'The Constant Gardener': EW review
Ralph Fiennes’ pale, wounded gaze and tight smile often lead him to play men who are pained, unsettled — he won a Tony award for his performance as Hamlet, Prince of Agita, and even his Nazi in Schindler’s List had Issues. But it’s not just his physiognomy that marks him. Fiennes’ distracted, inward-turning manner projects an ambivalence about the whole business of acting, or at least of stardom, and that itchiness conveys itself to his audience, making us more apt to speak of his work with admiration and respect than with love.
Justin Quayle, the amateur plant-fancier who takes the title in The Constant Gardener, is another hooded Fiennes fellow, a man more at ease with greenhouse cuttings than with the cocktail chatter that goes along with the post of a midlevel career diplomat stationed in Kenya. But such is the clarity and passionate intelligence of Fernando Meirelles’ adaptation of John le Carré’s urgent 2001 novel, about deadly pharmaceutical arrogance in Africa, that Fiennes blooms in his most empathetic, extroverted, and lovable work in years.
As in any le Carré creation, the players in this one are morally inconstant people who keep secrets and betray those closest to them. When, at the beginning of the saga, Justin’s wife, Tessa (Rachel Weisz), is reported gruesomely murdered on an isolated stretch of country (she had been accompanied by a local doctor working to contain tuberculosis and AIDS, and the black-and-white pair had been rumored to be lovers), Justin himself really doesn’t know what Tessa did with her days as a human rights ”activist.” All he knows is that he adored her for her fire and for her commitment to fight, while he, a le Carré chap, after all, equivocated. (Weisz makes it easy to believe Tessa’s fearlessness; she’s as mobile, open-faced, and sexually alive as Fiennes is shuttered, and the two make a potent couple, even if the casting closes the generation gap that figures in the book.)
Tessa’s death opens The Constant Gardener. Why she died (with damning information about multinational drug malfeasance in her possession) propels the plot, as Justin awakens from his complacency to understand the posthumous truth about her real work, and, poignantly, about their own marriage. Meirelles, meanwhile, brightens the author’s wide, dark field with rich color, adding his own distinctive cinematic feel for the desperation, as well as the vibrancy, of the global underclass. Maturing the grabby style of hip-hoppy energy and visual fillips he brought to City of God (where he featured Rio de Janeiro as something between a circle of hell and a really cool setting for a music video), the Oscar-nominated Brazilian filmmaker shoots the landscape of Kenya, slums and magnificent wild territory, children and birds, with a new flow.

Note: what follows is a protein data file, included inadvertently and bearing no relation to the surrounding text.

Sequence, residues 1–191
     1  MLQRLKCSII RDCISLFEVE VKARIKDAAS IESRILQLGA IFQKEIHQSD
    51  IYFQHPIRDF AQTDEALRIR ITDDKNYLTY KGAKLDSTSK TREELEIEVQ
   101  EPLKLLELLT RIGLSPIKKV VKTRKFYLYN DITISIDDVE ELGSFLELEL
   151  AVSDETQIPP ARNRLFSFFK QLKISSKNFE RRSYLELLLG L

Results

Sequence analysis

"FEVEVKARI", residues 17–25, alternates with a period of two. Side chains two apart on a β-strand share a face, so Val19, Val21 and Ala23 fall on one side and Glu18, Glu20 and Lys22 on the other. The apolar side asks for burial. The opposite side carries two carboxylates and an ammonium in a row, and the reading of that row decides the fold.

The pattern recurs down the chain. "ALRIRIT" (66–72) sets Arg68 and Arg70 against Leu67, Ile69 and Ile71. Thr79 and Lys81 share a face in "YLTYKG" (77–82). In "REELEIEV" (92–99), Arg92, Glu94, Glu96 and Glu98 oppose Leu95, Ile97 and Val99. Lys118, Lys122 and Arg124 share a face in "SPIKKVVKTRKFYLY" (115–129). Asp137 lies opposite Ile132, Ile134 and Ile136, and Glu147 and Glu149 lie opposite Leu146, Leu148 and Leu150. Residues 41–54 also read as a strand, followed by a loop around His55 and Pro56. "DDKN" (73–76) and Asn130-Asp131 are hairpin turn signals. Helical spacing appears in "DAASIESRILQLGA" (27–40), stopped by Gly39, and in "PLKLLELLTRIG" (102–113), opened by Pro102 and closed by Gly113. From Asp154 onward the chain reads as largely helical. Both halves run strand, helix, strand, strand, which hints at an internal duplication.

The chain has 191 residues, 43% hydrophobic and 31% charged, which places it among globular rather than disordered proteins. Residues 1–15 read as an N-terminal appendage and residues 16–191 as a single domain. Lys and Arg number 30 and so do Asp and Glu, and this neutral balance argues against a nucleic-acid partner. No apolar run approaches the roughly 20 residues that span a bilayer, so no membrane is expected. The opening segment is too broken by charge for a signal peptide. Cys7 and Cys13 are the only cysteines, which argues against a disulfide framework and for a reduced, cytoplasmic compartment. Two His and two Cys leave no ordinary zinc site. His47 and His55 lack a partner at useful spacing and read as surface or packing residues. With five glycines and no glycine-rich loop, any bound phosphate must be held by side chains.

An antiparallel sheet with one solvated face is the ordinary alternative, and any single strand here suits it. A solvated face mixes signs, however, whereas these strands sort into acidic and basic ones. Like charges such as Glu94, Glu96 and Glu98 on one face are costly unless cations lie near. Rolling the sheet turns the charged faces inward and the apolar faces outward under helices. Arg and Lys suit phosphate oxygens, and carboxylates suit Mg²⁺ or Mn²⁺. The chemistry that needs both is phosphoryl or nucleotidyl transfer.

There’s less superfluous ”art” now, more concentration of purpose from frequent collaborator César Charlone’s voluptuous cinematography. Now the shots don’t waste time saying, Look at me; instead they urge, Look, look at what is really happening to millions of Africans as disease ruthlessly spreads, fertilized by a toxic mixture of corporate and governmental dither and greed. Working from an unobtrusive screenplay by British TV scripter Jeffrey Caine, Meirelles makes his points convincingly, teasing out the secrets of weak and bullying men (among the limpest of whom are Justin’s unreliable friend and diplomatic colleague, played by Danny Huston, and their frighteningly Perfect British Boss, played with high gloss by Bill Nighy), but never squanders attention away from the tragedy of epidemic disease and corruption. (Playing the opposite of limp, the ever-excellent Gerard McSorley from Bloody Sunday embodies a paragon of corporate thuggishness who’s never more terrifying than when he’s on the golf course.)
There is, I realize, always the chance that such a serious, it’s-good-for-you description makes The Constant Gardener sound like a lemonade glass of medicine. It’s not. The movie is smart, serious, and adult about something that matters, but not at the expense of a kind of awful, sensual revelry as le Carré’s capacious plot hurtles to its big finish. In flashback scenes of Justin and Tessa’s life together, the chemistry between Fiennes and Weisz (previously paired in the tortured István Szabó film Sunshine) feels playfully sexy, which is not something I’d usually ascribe to Fiennes’ default stance of proud hurt. Borne on lilting snatches of African song, The Constant Gardener gives a damn while giving good ”entertainment.” P.S.: ”By comparison with the reality,” le Carré explains in notes on the film, ”my story was as tame as a holiday postcard.” A-
2006 Oscar Nominations: Best Supporting Actress (Rachel Weisz); Best Adapted Screenplay (Jeffrey Caine); Best Film Editing; Best Original Score (Alberto Iglesias)